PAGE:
Human Dignity Beyond Sentiment: Part 6, The Paternalistic Threat

This last threat might not warrant addition to the list, but I'll float it here for consideration. 

By paternalistic threat I mean a stratified society where a handful of elites manage and look after the masses. This is a species of the Nietzschean threat, but I think it stands separately because there is a benevolent and prosocial aspect in play here. 

Again, one of the political implications of human dignity is that governments must treat people with care, especially those who might be ranked at the "bottom" of some social metric. And while social hierarchies can tip toward domination (what I've called the Nietzschean threat), they can also take on a paternalistic aspect. The goal here isn't domination as much as benevolent management. Since the unenlightened masses don't know what is best for themselves, an enlightened elite makes those decisions for them and engineers society accordingly.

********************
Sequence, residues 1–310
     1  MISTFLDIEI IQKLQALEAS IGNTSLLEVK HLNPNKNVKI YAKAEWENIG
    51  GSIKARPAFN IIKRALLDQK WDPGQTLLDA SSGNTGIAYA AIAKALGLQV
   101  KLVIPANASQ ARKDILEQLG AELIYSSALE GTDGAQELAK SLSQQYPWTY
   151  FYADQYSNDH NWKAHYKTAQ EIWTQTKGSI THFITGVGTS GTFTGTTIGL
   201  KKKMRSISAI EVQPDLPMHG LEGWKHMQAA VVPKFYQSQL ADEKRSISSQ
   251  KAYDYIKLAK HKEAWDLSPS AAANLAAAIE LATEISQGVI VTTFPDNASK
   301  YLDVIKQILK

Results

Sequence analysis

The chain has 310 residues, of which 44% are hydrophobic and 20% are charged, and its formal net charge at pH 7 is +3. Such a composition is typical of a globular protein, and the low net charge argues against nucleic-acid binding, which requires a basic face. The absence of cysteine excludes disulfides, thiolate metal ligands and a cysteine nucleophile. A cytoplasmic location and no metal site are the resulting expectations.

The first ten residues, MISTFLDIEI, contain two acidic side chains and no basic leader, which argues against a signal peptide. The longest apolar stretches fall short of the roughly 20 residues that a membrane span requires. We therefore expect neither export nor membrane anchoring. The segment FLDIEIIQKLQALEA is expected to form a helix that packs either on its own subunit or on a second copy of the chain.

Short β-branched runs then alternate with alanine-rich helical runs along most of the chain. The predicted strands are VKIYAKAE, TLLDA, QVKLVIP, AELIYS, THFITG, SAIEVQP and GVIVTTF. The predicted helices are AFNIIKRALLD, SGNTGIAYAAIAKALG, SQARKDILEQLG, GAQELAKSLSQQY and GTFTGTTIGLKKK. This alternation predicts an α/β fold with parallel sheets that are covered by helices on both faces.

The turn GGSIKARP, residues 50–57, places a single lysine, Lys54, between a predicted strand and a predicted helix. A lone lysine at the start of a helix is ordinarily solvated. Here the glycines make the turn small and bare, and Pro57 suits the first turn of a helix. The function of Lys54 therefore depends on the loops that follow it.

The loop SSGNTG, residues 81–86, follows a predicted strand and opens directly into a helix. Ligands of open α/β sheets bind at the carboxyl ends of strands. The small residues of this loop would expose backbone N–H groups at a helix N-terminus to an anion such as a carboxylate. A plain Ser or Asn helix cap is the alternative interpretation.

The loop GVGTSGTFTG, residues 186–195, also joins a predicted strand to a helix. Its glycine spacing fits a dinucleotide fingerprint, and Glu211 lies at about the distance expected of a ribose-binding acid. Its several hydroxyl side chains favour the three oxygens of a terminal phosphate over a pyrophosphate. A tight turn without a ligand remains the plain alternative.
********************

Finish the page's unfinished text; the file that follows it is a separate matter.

Paternalism is also different from uptopianism. Utopian visions of society tend to be idealistic, whereas paternalistic visions tend to be more pragmatic. Though the two often blend together. The revolution might be driven by utopianism, but that idealism is hard to sustain given subborn realities, and so it eventually gives way to a totatarianian paternalism. 

The reason this paternalistic stance is a threat to human dignity, despite its goal of care, is that, once again, it is introducing a ranking of value and worth between the "parents" and the "children" of society. Care is being mediated through a hierarchy of worth. 

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